Who is the character that is Shawn Ashkanasy?
A friend and contributor to Active & Thriving, a PHD candidate, an enigma who took the initiative to create his own wellbeing role at the Royal Children’s Hospital. Also, a passionate free diver.
We sat down to chat with Shawn about what it means to implement meaningful wellbeing programs, and how to integrate them into different company cultures in a way that avoids tokenism and embraces true connectivity.
“It’s less about the program and activity and more about the climate that you’re actually creating,” he shares. “I’m not just simply interested in delivering a bunch of facts to people, but I really try to bring it back to the human and who we are, and what does it feel like – not necessarily what does it think like.”
Shawn is currently undertaking his PhD through the School of Business and Economics at Monash in Management, but used his previous position as a Ward-based Health and Wellbeing Coach at the Royal Children’s Hospital to inspire his research pursuits. Beginning his work there as a trauma-informed yoga teacher, he soon found his role was rapidly evolving into something far more expansive.
“I had to quickly develop that role because as professionals, we go into these organisations, these contexts with our own set of ideas about wellbeing – about how and when and who practices it, and so on. I then realised it didn’t fit with the culture and I needed to completely modify my thinking in the practice.”
Gratefully referring to a strong level of trust built with his team and employers, Shawn describes a work environment where his leadership was recognised and encouraged.
“In the end, it became less and less about yoga and instead more about conversations in health, including a space where people became comfortable and felt safe to talk. To talk about things that are important, and often with a person who wasn’t a colleague, supervisor or manager to see if they felt more open. That role was amazing and so I transformed it into something much larger.”
Shawn credits this experience as a driving force behind his decision to undertake a management-oriented PhD that focuses on effective program delivery. Having also been influenced by his supervisor’s work in inclusion and diversity studies, particularly neurodiversity, he cites a strong foundation of existing research that beckons further inquiry. Introducing what he calls a radical new approach to wellbeing that is practice-first, Shawn’s focus is on the space between what managers believe wellbeing is versus how it is actually practiced by employees. Providing an alternative to a traditional approach that looks at wellbeing promotion, intervention or even measurement of wellbeing, there’s an emphasis instead on looking at existing company culture to guide what will be the most effective next steps. “With that understanding of what’s actually getting practiced, we can then start to look at how we can use that to develop leaders to really facilitate the wellbeing of their teams and their staff.“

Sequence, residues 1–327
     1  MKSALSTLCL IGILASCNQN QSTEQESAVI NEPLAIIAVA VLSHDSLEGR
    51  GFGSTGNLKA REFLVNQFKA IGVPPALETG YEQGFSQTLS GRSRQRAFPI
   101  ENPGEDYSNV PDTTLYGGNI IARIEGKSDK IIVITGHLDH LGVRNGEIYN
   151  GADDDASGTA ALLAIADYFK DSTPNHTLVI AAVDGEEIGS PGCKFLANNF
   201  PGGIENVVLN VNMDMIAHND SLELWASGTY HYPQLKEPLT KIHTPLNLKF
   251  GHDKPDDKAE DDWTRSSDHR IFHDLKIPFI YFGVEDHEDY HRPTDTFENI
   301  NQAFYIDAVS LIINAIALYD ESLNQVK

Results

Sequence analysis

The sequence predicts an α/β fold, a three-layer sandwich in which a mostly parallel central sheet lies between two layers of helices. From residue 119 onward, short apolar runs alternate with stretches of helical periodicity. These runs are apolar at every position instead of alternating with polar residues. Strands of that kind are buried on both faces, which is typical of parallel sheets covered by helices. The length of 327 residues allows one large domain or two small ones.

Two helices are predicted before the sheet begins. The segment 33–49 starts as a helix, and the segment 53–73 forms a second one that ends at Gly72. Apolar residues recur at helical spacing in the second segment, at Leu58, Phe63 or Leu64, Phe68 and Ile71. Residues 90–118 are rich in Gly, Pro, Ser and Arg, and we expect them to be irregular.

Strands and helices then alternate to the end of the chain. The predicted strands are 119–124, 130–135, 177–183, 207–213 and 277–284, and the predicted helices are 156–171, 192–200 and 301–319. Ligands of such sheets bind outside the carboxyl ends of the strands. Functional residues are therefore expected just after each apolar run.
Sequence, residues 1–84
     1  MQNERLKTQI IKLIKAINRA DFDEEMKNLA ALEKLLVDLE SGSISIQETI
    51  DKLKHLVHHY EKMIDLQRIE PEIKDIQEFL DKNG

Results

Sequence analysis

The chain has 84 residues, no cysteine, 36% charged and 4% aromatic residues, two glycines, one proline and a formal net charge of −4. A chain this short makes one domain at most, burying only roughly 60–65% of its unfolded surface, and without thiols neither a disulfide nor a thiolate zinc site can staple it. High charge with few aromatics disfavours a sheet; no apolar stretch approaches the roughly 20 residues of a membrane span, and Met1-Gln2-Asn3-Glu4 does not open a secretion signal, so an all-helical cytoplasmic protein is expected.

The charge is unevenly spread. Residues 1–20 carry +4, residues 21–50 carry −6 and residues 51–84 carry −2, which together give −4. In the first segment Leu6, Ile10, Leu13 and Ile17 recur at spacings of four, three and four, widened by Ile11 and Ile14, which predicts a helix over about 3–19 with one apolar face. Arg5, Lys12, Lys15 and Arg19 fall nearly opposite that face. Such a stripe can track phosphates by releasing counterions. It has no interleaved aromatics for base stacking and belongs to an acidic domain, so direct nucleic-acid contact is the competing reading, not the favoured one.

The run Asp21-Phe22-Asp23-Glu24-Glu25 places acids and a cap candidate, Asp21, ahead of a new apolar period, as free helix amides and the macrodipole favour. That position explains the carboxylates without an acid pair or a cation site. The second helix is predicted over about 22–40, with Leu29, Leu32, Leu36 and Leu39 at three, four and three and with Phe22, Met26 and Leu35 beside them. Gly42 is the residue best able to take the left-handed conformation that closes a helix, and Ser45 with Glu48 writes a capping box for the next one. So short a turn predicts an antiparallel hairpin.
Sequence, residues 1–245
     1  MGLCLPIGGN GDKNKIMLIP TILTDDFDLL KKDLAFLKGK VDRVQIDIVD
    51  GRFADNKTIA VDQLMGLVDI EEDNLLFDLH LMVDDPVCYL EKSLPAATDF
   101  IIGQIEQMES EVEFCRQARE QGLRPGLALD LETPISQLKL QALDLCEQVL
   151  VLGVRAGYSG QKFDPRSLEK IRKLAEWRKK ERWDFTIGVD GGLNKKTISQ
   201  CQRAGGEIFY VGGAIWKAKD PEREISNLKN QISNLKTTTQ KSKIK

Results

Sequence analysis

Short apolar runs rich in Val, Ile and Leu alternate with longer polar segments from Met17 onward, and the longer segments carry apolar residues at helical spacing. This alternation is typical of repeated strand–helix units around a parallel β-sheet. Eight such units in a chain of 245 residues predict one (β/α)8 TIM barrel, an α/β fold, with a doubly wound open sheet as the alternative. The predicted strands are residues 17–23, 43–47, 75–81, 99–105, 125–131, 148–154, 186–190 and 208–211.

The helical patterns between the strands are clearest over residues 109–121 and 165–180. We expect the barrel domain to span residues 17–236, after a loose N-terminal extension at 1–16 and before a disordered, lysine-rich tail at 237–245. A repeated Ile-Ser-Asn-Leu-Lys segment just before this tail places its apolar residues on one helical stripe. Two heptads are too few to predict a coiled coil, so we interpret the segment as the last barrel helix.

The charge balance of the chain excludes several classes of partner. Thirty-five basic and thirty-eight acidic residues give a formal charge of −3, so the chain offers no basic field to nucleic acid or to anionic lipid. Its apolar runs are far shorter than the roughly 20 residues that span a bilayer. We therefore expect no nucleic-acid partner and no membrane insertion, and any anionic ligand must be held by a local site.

Looking to the future, Shawn reflects on the importance of wellbeing in a post-pandemic era. “It’s definitely at the forefront of people’s minds. A lot of people are looking for answers, and the amount of content out there is a lot.” The discussion calls to mind the proliferation of listicle-style content, Buzzfeed-esque bullet point-smattered blog posts delivered in a way that may intend to be digestible, but is often received as shallow and prescriptive. With 5-step programs, life hacks, and instructional guides across the internet all promising to transform some (or all) aspects of your wellbeing, it can be more than a little disillusioning. “It comes back again to how wellbeing is marketed and sold, and I often blame the medium for this”, says Shawn. “I think that [a lot of] content is very misleading because ultimately, it’s a process. It takes time and even when I work with my one-on-one clients, sometimes they feel disappointment, like “why is this stuff not working?” – because it doesn’t work like that. It’s about awareness, patience and compassion.”
So – free diving? Shawn’s passions outside of his research somehow still circle back to his ethos and attitude towards wellbeing.
“I’m very much driven by purpose and meaning, and I always find a way to integrate my personal interests with my professional interests. Ideas and insights definitely get translated, and so at the moment my passion is free diving. With that comes a lot of work in understanding your breath, your breath’s relationship to your mental and physical health, and using the breath as a point of enquiry into how you are physically but increasingly how you are psychologically as well.”
“I try to bring that to the way that I work professionally as well. The insights I gain from my own self practice and experimentation inform the way that I also work with my clients.”
And if there’s one thing Shawn’s learnt that he wants everyone to take away from his work?
“Patience,” he says after a moment of thought.
“Patience, self-compassion, and curiosity”.